The following excerpt is borrowed from the NRA Institute for Legislative Action.

Read the full text of this ruling, including the topic's below, at the .

District of Columbia v. Heller

Highlights of the Supreme Court’s Decision

On June 26, 2008, the Supreme Court affirmed, in a 5-4 decision, the ruling of the U.S. Court of Appeals for the D.C. Circuit in Parker v. District of Columbia (re-cast as District of Columbia v. Heller before the Supreme Court), that the Second Amendment protects a pre-existing, private, individually-held right, to keep arms and to bear arms, without regard to a person’s relationship to a militia. The Court held that the Second Amendment does not (as the District argued) protect a right to possess arms only while in service in a militia or (as others have argued) a "state’s right" to maintain a militia. (No dissenting justice endorsed the "state’s right" theory, putting an end to it once and for all, one can only hope.)

The decision struck down the District’s bans on handguns and on having any gun in operable condition as violations of the Second Amendment, and prohibited the District from denying plaintiff Dick Heller a permit to carry a firearm within his home on "arbitrary and capricious" grounds. Highlights of the majority opinion, written by Justice Antonin Scalia and joined by Chief Justice John Roberts and Justices Samuel Alito, Anthony Kennedy, and Clarence Thomas, follow:

On the Meaning of "the Right of the People"

T]he operative clause [of the Second Amendment] codifies a ‘right of the people.’ The unamended Constitution and the Bill of Rights use the phrase ‘right of the people’ two other times, in the First Amendment’s Assembly-and-Petition Clause and in the Fourth Amendment’s Search-and-Seizure Clause. The Ninth Amendment uses very similar terminology . . . . All three of these instances unambiguously refer to individual rights, not ‘collective’ rights, or rights that may be exercised only through participation in some corporate body. Nowhere else in the Constitution does a ‘right’ attributed to ‘the people’ refer to anything other than an individual right. . . . In all six other provisions of the Constitution that mention ‘the people,’ the term unambiguously refers to all members of the political community, not an unspecified subset. . . . Justice Stevens is dead wrong to think that the right to petition is ‘primarily collective in nature.’"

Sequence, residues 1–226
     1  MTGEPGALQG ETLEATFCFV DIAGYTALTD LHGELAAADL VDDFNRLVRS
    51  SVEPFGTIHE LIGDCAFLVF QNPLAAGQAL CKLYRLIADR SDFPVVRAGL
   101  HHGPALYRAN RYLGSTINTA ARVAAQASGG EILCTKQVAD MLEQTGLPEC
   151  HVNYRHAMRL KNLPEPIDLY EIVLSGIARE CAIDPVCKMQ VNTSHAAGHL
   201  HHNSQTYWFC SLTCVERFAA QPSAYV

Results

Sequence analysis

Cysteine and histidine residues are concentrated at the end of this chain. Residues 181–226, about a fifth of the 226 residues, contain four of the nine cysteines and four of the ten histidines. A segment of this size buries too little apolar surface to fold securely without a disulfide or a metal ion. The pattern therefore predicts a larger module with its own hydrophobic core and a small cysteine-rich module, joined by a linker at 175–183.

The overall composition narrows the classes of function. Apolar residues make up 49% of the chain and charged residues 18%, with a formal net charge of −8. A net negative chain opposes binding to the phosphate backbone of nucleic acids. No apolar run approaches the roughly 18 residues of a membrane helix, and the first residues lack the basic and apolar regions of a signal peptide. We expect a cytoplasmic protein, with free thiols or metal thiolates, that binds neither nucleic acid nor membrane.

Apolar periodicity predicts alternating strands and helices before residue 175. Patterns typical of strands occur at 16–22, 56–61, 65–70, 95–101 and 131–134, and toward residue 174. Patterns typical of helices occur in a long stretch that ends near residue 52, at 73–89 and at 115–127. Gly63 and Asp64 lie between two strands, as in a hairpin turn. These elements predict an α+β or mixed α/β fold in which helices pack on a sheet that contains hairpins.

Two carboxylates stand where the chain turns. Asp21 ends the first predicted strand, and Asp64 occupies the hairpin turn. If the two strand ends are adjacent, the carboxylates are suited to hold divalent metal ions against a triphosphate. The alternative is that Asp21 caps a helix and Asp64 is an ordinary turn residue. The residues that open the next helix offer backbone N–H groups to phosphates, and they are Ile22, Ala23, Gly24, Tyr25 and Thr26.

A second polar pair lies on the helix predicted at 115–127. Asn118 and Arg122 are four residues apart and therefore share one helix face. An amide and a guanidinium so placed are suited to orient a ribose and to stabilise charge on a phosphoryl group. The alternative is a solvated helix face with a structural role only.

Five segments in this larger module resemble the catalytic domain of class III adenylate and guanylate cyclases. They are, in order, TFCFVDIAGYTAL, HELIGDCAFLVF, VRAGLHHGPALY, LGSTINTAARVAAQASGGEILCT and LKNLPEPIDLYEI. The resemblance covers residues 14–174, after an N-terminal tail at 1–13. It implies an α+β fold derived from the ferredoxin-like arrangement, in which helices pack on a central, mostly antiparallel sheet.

On the Meaning of "Arms"

". . . . Just as the First Amendment protects modern forms of communications and the Fourth Amendment applies to modern forms of search, the Second Amendment extends, prima facie, to all instruments that constitute bearable arms, even those that were not in existence at the time of the founding."

On the Meaning of "Keep Arms"

"[Samuel Johnson’s 18th century dictionary] defined ‘keep’ as, most relevantly, ‘[t]o retain; not to lose,’ and ‘[t]o have in custody.’ Webster defined it as ‘[t]o hold; to retain in one’s power or possession.’ No party has apprised us of an idiomatic meaning of ‘keep Arms.’ Thus, the most natural reading of ‘keep Arms’ in the Second Amendment is to ‘have weapons’ . . . . [T]here is no evidence whatsoever to support a military reading of ‘keep arms.’

On the Meaning of "Bear Arms"